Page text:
The heating industry is in danger of confusing its customers over boiler efficiency ratings says a top boiler discount website.
Boiler ratings changed last October when the SEDBUK 2009 ratings system replaced the SEDBUK 2005 ratings. For the average consumer, not much changed, but the number of efficiency ratings were reduced to five: A, B, C, D and E (where previously they were seven: A to G). The main reason for this regrouping was for simplicity and to avoid confusion with electrical appliance ratings.
SEDBUK stands for Seasonal Efficiency of Domestic Boilers in the UK and under the stricter building regulations currently in force, only band A boilers (those 90% efficient and above) can be fitted, unless there are compelling reasons (usually architectural problems) not to do so.
The problem is, that the body behind SEDBUK, the Building Research Establishment, is worried that certain manufacturers are being too liberal with the ratings when it comes to promoting their products. Thus, the Building Research Establishment has reduced many percentages by a set 2% to counter any exaggerated claims. The problem is, that many boilers sit on 90.5% efficiency ratings, so when it come to marketing those boilers, they will have officially a 88.5% rating, and thus be in Band B.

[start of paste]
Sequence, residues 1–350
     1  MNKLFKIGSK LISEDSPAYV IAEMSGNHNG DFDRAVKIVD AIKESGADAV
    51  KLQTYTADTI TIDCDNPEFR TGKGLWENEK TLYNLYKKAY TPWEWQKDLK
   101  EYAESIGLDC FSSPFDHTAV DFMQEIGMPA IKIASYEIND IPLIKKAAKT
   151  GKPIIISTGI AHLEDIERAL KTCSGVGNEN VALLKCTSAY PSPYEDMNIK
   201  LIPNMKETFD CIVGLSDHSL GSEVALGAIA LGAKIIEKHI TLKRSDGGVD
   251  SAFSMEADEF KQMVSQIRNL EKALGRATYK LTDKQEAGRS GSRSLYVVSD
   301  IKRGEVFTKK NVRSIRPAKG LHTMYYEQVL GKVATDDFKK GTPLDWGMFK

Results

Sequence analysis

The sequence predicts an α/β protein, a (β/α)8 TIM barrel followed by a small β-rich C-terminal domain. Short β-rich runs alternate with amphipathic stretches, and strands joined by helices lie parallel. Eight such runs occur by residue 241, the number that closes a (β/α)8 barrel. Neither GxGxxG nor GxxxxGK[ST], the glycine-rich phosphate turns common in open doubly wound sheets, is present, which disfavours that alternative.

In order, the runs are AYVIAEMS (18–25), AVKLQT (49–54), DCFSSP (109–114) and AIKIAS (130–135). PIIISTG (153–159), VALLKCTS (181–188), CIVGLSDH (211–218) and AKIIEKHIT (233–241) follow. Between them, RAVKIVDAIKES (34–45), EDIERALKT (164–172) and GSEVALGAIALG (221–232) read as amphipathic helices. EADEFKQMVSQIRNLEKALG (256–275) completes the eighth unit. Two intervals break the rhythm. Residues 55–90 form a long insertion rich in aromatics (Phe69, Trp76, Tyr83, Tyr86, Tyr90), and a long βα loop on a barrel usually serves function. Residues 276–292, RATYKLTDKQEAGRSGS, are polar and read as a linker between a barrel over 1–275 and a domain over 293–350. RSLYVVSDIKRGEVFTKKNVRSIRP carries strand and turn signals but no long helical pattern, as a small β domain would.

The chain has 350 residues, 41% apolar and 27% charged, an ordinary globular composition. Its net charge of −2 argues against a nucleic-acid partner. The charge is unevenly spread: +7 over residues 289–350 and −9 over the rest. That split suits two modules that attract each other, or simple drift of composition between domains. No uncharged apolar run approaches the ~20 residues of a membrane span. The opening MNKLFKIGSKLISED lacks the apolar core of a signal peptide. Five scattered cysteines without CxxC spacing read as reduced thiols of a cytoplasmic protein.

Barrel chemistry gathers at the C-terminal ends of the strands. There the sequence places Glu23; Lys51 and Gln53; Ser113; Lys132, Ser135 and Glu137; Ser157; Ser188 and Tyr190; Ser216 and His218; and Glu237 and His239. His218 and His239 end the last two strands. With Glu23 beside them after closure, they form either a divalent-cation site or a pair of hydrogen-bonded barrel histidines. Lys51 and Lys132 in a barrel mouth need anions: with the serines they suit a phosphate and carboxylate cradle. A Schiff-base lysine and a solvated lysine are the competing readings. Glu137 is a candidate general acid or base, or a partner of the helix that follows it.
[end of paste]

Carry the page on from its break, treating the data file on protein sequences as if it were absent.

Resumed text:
Matters are likely to get worst when a new European Commission EuP Directive comes into force in a couple of years time, when there will be two further grades for the latest, more efficient boilers: A+ and A++.
Tom Bradford, Managing Director of Boilers Sales, says:
‘Although well-meaning, the efficiency ratings are currently quite confusing and if they are not careful, both the boiler manufacturers and the regulatory bodies might shoot themselves in the foot with this sort of positioning. Few people understand the difference between an A and B Rated boiler, and unfortunately, maybe the forthcoming EuP Directive will only makes matters worse with the A+ and A++.’